Other universities have delayed the return of students for in-person learning this fall. While the University of Florida will delay its start date by a week, Ithaca College will delay classes by over a month. Ithaca College president Shirley Collado said on May 18 that the college will allow students back for in-person learning on Oct. 5, rather than its usual date of Aug. 24. 

The press release from the president explained the delay would give the school “time for all of us to plan, prepare and thoughtfully align toward a common goal as this public health crisis continues to evolve.”

On the other hand, some institutions have already committed to keeping most classes online for the fall term.

California State University chancellor Timothy White said on May 12 that fall courses at CSU will be primarily virtual across all 23 of its campuses. There will be some limited exceptions for in-person activities that cannot be delivered virtually, including clinical classes for nursing students and essential science lab classes, White said.

Eastern Washington University will also hold classes online. On May 5, Eastern Washington University president Mary Cullinan announced that the university will pursue an “online-first, maximum flexibility” instructional model for the fall. That said, Cullinan added that students will be able to live in residence halls, with only one student per room. 

In anticipation of a second wave of the virus, some schools have chosen to return in-person in the fall, then end their terms earlier or switch to remote learning halfway through the semester.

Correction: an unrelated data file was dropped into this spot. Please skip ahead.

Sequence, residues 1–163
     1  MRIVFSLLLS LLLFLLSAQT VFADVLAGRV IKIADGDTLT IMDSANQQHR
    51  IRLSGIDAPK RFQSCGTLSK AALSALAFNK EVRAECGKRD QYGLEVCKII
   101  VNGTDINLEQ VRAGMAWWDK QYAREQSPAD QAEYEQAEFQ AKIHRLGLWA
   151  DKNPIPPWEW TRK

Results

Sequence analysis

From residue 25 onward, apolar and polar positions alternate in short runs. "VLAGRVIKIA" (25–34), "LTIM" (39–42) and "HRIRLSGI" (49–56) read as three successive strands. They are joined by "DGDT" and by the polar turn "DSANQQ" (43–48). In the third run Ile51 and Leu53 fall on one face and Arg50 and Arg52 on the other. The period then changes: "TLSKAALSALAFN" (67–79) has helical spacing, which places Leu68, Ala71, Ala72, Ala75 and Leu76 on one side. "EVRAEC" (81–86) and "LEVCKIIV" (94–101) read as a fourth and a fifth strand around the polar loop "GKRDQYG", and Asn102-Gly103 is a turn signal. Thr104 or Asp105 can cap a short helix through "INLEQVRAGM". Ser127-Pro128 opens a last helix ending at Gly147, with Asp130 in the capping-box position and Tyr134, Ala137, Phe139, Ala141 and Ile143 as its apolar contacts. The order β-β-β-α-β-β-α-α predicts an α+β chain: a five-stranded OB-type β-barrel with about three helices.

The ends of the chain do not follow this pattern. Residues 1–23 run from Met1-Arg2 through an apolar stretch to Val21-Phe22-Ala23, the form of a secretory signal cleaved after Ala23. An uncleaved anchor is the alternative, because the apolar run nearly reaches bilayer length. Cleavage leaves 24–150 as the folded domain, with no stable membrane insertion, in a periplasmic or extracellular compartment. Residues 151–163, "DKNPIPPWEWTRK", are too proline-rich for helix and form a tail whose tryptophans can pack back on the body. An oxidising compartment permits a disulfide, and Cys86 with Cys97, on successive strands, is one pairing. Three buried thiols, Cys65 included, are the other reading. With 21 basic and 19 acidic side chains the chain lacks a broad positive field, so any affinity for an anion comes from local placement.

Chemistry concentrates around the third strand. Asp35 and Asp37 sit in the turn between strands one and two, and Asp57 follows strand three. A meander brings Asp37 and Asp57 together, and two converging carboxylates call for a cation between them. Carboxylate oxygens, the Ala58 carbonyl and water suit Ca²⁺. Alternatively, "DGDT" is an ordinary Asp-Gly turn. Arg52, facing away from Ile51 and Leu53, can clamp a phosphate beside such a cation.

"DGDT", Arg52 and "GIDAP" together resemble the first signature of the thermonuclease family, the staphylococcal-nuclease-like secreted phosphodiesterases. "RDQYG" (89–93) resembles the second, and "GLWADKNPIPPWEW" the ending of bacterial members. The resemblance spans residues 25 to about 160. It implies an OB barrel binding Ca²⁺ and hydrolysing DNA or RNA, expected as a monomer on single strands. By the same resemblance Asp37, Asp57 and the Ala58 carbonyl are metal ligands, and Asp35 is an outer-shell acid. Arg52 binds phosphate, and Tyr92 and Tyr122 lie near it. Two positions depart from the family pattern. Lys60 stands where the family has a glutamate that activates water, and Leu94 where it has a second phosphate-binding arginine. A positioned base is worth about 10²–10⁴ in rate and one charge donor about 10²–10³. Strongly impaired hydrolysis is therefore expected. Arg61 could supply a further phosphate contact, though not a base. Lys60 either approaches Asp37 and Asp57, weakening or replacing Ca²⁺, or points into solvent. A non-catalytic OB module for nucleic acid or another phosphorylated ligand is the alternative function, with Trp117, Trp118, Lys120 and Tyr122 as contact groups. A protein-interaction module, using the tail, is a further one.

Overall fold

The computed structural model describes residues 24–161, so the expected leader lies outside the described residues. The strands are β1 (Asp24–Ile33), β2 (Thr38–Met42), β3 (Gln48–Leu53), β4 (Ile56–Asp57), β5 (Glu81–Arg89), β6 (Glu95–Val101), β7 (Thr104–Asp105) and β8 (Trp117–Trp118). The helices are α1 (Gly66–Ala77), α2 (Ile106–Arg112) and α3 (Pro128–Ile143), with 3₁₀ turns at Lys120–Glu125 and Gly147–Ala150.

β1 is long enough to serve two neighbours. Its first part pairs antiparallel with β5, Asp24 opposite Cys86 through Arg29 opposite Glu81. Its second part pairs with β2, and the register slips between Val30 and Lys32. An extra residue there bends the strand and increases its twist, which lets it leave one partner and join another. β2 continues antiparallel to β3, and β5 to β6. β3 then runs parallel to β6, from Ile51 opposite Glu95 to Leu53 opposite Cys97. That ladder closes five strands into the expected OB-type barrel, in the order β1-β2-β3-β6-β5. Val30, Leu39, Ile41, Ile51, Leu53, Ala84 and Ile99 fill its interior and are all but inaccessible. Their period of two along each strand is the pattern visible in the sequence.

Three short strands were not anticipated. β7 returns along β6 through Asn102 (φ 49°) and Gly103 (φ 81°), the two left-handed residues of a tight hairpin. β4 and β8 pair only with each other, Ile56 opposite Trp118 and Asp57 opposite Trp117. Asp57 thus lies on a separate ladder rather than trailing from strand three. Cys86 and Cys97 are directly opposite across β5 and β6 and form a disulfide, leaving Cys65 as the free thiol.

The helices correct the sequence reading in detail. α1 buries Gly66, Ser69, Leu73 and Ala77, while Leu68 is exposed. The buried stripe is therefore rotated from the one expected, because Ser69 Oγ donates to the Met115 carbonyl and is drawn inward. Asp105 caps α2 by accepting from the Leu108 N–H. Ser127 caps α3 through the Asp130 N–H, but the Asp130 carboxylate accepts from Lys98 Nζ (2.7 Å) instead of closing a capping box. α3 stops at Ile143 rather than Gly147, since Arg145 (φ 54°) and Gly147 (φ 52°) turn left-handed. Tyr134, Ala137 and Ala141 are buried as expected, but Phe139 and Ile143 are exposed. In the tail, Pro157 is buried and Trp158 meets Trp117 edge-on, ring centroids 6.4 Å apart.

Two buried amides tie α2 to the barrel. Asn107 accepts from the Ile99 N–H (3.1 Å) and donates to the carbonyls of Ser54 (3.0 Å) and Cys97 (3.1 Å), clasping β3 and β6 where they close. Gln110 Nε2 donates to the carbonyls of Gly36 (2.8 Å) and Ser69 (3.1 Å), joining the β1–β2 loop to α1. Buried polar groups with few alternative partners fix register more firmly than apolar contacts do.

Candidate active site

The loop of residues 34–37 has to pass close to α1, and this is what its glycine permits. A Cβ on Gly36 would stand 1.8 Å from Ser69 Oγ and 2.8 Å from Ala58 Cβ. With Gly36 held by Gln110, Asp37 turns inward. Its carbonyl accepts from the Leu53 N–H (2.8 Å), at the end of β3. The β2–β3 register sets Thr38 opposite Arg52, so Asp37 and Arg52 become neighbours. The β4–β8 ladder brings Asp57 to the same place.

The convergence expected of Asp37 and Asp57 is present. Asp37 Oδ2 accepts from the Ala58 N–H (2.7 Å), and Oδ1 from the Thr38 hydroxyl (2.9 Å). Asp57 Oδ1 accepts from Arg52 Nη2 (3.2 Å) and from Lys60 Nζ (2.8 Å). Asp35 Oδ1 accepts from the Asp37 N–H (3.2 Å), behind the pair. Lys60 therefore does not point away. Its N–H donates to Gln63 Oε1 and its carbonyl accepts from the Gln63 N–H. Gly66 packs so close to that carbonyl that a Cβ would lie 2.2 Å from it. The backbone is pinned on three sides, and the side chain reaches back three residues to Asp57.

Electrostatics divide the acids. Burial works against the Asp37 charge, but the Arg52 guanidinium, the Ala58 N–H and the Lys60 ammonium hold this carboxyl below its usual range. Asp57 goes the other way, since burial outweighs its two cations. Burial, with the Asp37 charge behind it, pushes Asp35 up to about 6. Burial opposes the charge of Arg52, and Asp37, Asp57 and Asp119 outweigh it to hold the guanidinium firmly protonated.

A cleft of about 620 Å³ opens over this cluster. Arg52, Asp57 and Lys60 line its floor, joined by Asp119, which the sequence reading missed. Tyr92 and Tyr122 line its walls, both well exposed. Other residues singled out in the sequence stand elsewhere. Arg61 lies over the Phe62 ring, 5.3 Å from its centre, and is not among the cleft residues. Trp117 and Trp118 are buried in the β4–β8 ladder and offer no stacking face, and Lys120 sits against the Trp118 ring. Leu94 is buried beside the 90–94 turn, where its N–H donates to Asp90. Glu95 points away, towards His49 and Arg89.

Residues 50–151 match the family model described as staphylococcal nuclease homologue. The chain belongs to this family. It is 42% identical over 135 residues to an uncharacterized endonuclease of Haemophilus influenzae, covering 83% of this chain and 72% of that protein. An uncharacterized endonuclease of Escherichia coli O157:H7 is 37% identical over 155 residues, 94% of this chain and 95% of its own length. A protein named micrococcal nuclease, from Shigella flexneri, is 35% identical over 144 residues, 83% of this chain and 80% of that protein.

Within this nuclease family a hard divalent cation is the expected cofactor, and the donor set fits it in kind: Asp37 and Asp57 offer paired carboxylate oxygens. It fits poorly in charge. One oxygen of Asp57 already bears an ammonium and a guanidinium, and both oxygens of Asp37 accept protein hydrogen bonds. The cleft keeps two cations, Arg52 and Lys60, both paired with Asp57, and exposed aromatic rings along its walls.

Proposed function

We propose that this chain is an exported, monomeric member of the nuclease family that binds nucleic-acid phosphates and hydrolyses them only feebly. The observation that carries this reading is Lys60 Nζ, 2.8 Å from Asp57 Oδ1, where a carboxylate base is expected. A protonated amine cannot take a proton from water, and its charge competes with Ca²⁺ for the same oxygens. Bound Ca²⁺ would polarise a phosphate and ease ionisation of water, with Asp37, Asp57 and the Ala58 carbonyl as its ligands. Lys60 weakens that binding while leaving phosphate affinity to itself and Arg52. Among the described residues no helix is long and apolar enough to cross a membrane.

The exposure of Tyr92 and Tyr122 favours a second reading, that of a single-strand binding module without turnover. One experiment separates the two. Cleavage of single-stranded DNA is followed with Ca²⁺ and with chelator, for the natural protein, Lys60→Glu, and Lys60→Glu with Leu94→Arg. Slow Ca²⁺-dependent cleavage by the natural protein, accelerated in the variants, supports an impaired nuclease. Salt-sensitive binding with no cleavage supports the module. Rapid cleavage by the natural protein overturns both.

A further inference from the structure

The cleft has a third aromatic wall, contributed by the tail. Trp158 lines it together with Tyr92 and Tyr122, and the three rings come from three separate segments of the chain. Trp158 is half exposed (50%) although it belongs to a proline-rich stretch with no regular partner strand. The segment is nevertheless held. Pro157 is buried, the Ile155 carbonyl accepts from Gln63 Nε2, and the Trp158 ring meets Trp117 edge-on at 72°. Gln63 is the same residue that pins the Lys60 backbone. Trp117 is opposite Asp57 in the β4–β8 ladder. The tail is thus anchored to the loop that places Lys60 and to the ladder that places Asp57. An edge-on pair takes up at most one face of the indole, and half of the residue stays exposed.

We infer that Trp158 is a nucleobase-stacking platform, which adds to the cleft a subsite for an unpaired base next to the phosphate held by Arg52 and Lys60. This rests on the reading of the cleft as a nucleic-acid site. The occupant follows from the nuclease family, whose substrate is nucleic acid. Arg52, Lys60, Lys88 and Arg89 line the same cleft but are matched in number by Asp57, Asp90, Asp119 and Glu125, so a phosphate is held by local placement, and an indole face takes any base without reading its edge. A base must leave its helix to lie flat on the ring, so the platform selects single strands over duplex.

Students at the University of Notre Dame will be required to return to campus on Aug. 10, two weeks earlier than scheduled, and the fall semester will conclude before Thanksgiving, according to Notre Dame president John Jenkins. The Purdue University Board of Trustees announced on May 7 that the university would begin the fall semester on Aug. 17 as planned but would transition to remote learning after Thanksgiving break.

Schools like Purdue have also begun planning to integrate health measures into their campuses. Students and faculty at Purdue will come be required to attend class in masks, Purdue president Mitch Daniels said in an interview with CNN. Some professors, Daniels added, may teach behind Plexiglas to maximize distance between students and faculty.